Dog trains man

Saturday, April 2, 2016

Boring My Dog To Success

In our last post you could see in this video how Tilde showed some impulse control. It took a very long time to train her, which is entirely my fault, and this is why.

Tilde is easily excited. A training session is no exception. The first "Good girl!" is enough to send her flying up in the air. A few of my verbally inspiring remarks like these in a row, and she is dancing around me, barking for more. I had to stop each session short every time.

I couldn't understand. "You are not interesting enough," some of Kenzo's trainers said to me when Kenzo in his early years was interested in anything else then me when we attended training class. Afraid that I was boring Tilde as much as I did with Kenzo, I automatically tried to be as interesting for Tilde as I could.

Progress was slow. We were going nowhere.

Out of sheer frustration I asked for advice from one of Denmark's few true behaviorists and dog trainers, where Kenzo once went on tracking camp, and she was in no doubt what needed to be done, "She is already very excited on her own, you have to chill, instead of fueling up her excitement." In other words, be boring. I could do that.

We had the best training session we ever had.

Although taken aback, I started to explore this even more. I only invited Tilde for training sessions when she was relaxed, or even woke her up from a nap to do a training session. I tried to be as calm as possible to avoid excitement. So did Tilde. And more importantly, she was learning now. I was thrilled. We made progress.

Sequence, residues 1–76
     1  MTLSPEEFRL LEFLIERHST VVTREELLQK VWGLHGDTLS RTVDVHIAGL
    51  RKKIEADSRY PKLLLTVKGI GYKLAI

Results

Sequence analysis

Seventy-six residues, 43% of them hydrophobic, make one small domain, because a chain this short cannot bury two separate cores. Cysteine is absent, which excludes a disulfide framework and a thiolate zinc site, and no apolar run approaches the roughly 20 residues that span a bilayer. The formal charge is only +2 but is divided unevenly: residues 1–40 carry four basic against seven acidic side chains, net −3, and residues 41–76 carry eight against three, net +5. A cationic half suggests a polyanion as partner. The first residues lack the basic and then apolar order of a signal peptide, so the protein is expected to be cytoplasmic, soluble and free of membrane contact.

Although I kept up appearances for Tilde, I was full of excitement nonetheless. Thrilled about how each dog is different. About what worked for Kenzo, doesn't for Tilde, because they are different. To change how Tilde and me trained together became a celebration of the diverse character and spirit of a Hovawart. Last but not least, I felt closer to Tilde, too.


As it turns out, the struggle with Tilde's antics has become almost a series. I wrote about how just trying to ignore her "bad behaviors" as I did with Kenzo, had no effect whatsoever with Tilde. And also, when I wrote how plenty of exercise and nose-games would do the trick. We can now add impulse control to the list. Could this be the final chapter? it is probably better to end this post with a "to be continued...", no doubt Tilde has more tricks up her sleeve.


1 comment

  1. Just pick what seems fun to you. When they see you are having fun, they will surely follow. Free Dog Obedience Training Tips


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